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5 June 2013
1973 Chevrolet Can Am: 1973 Chevrolet Can Am The 1973 Chevrolet Can Am, also called the Firenza, is a legendar... http://t.co/0aODtG3dEU
5 June 2013
5 June 2013
1966 427 Fairlane: 1966 427 Fairlane From 1955 to 1970 Ford produced the Fairlane, a sometimes full-sized, som... http://t.co/NkvYFuiNeq
29 May 2013
29 May 2013
Cool Video of a Rock-A-Billies classic car show! http://t.co/BvVxOMvU2I http://t.co/ub86T1Gb0w
- 5 June 2013
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Tag Archives: Ventura
Early Muscle: 1961 Pontiac Ventura
It is hard to pin down the first actual muscle car; some have asserted that it is the 1949 Oldsmobile Rocket 88, which was built with speed in mind, with an overhead valve V8 placed in a mid-size car with a relatively lightweight body. A lot of observers cite the next big step in the evolution of the early muscle car to be the introduction of the 1955 Chrysler C-300 with its 300 horsepower Hemi engine that could go from zero to sixty in 9.8 seconds and reach a top speed of around 130 miles per hour.
Malaise Era: Definition and Examples
Malaise: This word comes from the combination of French words mal- and aise (which translates to ease). This word generally means a sense of being uneasy or feeling out of sorts. It usually involves the beginning of an illness or feeling less that healthy. The term “malaise” has come to designate the decade of cars produced between 1973 and 1983.
Collecting Classic Car Ephemera
Pontiac Ventura: In the glory days of the automobile, the advertisements spoke volumes. From the black and white photos of the early Tin Lizzies to the art deco looks from the 50s and 60s, automobile advertising shows so much more than the cars on the pages. Ephemera from the earliest decades of the automobile capture the identities of the decades. These early ads set the stage for the reality that cars were more than just a form of transportation, but they were a way for individuals to show their style and personality.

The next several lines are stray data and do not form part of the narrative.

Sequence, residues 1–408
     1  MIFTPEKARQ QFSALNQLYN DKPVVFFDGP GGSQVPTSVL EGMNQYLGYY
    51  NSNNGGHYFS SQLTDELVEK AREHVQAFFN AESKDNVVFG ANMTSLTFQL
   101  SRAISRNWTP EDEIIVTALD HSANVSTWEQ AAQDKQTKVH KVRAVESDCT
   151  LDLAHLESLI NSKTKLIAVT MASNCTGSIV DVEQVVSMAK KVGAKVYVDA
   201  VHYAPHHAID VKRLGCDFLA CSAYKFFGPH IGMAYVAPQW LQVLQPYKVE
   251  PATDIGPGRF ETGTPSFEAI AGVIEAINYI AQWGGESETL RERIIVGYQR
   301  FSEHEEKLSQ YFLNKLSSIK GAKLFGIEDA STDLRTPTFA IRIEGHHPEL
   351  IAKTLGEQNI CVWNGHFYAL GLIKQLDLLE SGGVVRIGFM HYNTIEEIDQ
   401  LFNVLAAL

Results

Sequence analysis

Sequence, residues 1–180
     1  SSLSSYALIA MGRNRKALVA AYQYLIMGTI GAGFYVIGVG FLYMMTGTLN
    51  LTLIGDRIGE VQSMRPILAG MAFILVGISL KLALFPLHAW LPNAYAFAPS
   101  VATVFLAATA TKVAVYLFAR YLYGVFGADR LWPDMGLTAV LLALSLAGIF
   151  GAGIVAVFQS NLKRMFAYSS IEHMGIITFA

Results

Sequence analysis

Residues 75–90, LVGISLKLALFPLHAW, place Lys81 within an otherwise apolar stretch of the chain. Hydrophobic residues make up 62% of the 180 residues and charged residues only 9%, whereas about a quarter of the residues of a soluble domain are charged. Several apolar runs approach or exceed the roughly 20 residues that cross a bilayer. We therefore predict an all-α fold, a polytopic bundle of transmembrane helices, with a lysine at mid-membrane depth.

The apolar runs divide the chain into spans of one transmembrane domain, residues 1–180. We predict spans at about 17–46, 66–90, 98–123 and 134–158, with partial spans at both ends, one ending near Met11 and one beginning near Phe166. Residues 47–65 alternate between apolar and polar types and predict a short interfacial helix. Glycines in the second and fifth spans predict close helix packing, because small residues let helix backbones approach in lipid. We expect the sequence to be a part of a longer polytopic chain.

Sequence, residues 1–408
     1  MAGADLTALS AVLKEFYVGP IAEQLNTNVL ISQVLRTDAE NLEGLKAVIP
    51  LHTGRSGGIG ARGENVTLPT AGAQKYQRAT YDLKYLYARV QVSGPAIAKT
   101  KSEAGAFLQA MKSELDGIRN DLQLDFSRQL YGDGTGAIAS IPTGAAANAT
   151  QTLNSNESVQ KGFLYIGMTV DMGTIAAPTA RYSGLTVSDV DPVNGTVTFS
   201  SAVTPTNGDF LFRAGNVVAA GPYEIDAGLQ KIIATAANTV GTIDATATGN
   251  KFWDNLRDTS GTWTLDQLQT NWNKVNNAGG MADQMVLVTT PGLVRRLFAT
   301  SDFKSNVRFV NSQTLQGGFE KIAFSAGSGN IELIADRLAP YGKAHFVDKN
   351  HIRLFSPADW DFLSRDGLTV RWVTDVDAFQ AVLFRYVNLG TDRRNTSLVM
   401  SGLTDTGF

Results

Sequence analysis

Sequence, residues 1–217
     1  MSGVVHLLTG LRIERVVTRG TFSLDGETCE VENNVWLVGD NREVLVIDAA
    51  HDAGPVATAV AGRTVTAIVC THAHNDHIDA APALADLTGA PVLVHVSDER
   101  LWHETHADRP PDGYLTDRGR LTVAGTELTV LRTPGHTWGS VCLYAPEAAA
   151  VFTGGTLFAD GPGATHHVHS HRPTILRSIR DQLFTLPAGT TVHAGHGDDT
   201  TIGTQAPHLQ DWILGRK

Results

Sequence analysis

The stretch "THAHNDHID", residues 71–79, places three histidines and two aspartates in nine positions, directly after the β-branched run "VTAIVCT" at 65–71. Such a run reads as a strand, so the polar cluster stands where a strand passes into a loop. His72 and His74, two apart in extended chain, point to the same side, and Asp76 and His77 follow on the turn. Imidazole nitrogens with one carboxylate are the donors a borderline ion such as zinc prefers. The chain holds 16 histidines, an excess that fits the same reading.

Pontiac Ventura: Cleaning Up the Excess
In the 1950s, bigger was better. When it came to cars, this meant more chrome, more fins, more room, and more design. In 1959, the “bigger is better” theory of car design reached a pinnacle when the Cadillac Eldorado hit showroom floors. Imagine a bubble-gum pink Cadillac with altitudinous tail fins, juicy white-wall tires, pointy bullet tail lights, wide smiling grill, and shiny silver chrome. The car is in the same design class as the froufrou pink bridesmaid dress, the heavily frosted wedding cake, and the bleach-blonde beehive hairdo. There wasn’t much else that could be added to this frilly automobile (or to the other overly designed items). After 1959, car design could not get any bigger (unless you count “The Homer” from The Simpsons fame).
1970 Pontiac GTO Ram Air III
As muscle cars were just making their way onto the American auto scene, Pontiac threw its hat into the ring with the GTO. To create this line of sporty cars, controversially named after the Ferrari race car, Pontiac took one of its biggest engines, a 389-cubic inch V8, and put it into a mid-size car. The Ventura received this honor, and in fact, the first GTO was really just an option package on the Ventura. The result was one of the coolest-looking cars yet produced by American manufacturers and one that set the bar for the rest of the fast and powerful muscle cars to come.